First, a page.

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“If You’re Vaccinated, Why Do You Still Wear a Mask?”

Over the past seventeen months, my opinion on certain virus-related issues has changed from time to time based on new developments, new information, and new experiences I’ve had. For instance, I originally was vaccine-hesitant but later changed my mind on that and was gratefully vaccinated in April of this year. And very early on in the pandemic, I wondered about mask effectiveness but both scientific and anecdotal evidence led me to fully support the use of masks to greatly limit virus transmission.

Do I love wearing a mask? Well, no—who does? But I will absolutely wear one when asked to, when others would prefer me to, or when I feel more comfortable doing so. It honestly is not a big deal to me to do any of this.

Even now. Even though I’m vaccinated.

A few months ago, the highly contagious Delta variant began ramping up considerably, and we’ve also learned that vaccinated people can still transmit the virus. Now, in August, Delta is no longer just banging on the proverbial door but is in the house, affecting more of my friends and relatives than I could have imagined. That’s more people—real-life people, not statistical people—who are catching COVID, getting very sick, and staying sick for a long time.

All of that brings me to a question that I know some people have wondered about, and one that I’ve asked myself over the past few weeks. I think it’s a fair question:

“If you’re vaccinated, why do you still wear a mask?”

In my particular county, elected officials are arguing, flip-flopping, and even suing each other over whether or not masks should be required, and the recommendations of frontline medical professionals are largely ignored. So it’s a personal choice, for the time being, at least. I’ve thought a lot lately about why I’m wearing a mask again, and here are my reasons, along with a few ideas as to why others may be doing this, as well.

A (mostly) non-reason: I’m not terribly concerned about getting sick, being hospitalized, or dying from COVID. After all, I’ve been vaccinated and obviously I believe in the efficacy of the vaccines. But there have been breakthrough cases (because no vaccines are 100% effective on 100% of the population) among vaccinated people, and COVID is a virus that I do not want in my body. I’ve seen enough of what it’s done to friends and family to know that I want to avoid it. But personal worry about COVID isn’t my primary reason for continuing to wear a mask or take other cautionary measures.

A very important reason: I’m acutely aware that some people are not able to be vaccinated—those with serious health issues that preclude it and, currently, every human being under the age of 12. That includes my granddaughter and every other child I come into contact with, as well as some adults who are complete strangers to me. There is also a large group of unvaccinated people who have chosen, at least for now, to remain unvaccinated. The Delta variant that is currently flooding our communities (some more than others, and mine is one) is much more contagious than 2020’s variant, and even though I’m vaccinated, I can be a carrier without even knowing it. By wearing a mask, I can help protect others.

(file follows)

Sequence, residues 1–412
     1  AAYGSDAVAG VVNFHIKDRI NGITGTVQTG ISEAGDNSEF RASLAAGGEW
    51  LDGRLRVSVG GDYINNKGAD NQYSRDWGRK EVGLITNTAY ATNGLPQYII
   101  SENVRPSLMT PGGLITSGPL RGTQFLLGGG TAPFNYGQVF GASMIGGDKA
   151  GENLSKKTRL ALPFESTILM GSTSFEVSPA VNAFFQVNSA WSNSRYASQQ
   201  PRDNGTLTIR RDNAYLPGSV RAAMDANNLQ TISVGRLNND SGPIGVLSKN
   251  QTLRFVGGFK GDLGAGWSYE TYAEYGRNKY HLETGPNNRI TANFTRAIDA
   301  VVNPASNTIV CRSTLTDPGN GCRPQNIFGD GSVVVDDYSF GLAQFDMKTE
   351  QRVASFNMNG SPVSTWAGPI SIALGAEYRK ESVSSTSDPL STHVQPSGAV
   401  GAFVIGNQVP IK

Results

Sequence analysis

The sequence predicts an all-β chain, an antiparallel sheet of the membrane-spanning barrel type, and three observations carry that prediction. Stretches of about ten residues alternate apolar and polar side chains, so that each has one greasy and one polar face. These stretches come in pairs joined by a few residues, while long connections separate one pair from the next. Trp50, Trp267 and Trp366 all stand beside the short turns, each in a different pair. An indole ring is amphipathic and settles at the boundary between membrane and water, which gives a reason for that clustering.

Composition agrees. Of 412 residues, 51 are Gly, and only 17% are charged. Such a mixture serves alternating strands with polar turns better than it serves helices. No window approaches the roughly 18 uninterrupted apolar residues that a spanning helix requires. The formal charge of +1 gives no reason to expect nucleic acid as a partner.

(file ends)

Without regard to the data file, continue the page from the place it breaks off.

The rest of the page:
Another reason: When we choose to wear a mask, we can put people at ease who may feel uncomfortable about “whether to mask or not.” Local, state, and national governments have offered conflicting advice on masks and tempers flare whenever discussions take place. But many people feel more comfortable, for whatever reason, wearing a mask. If I’m wearing one indoors, in a crowded room, in a retail establishment, in any situation where it’s “optional,” I can literally see and feel the relief of those who are in the same boat—people who want to wear a mask but also don’t want to feel ostracized or out of place. Sending a message that it’s “okay” to wear a mask can make a difference to a person who may be on the fence, and I’m fine being someone who can help do that.

A final reason: This one is about intuition and personal comfort. After more than a year and a half of see-sawing public guidelines, a new and more contagious variant, and more friends and family being adversely affected by COVID, mask-wearing to me has become more a reflexive matter of intuition than a decision I struggle with every time I leave the house. I keep one with me, and depending on where I go, I will probably wear it when indoors. I wear it for those I’m with, I wear it for complete strangers, and I wear it for myself. I wear it for peace of mind. It’s a small piece of cloth and a small decision in my life.

I’ve heard other reasons from people who are vaccinated and who continue to wear a mask: being in frequent, close contact with children or individuals who can’t be vaccinated (students, patients, family members), some of whom are at high risk for more severe cases of and complications from COVID. Or having personal health issues that leave them with doubts over the efficacy of their own vaccine. Or noticing that they haven’t had even a cold since 2019 and wanting to keep that trend going. Or enjoying being able to privately talk to themselves or sing under their breath. Or, literally, forgetting they have it on.

“If you’re vaccinated, why do you still wear a mask?” is a fair and legitimate question. There are a multitude of answers, as many answers as there are people who are choosing to remain masked, at least for the time being.

Photo by Mika Baumeister on Unsplash

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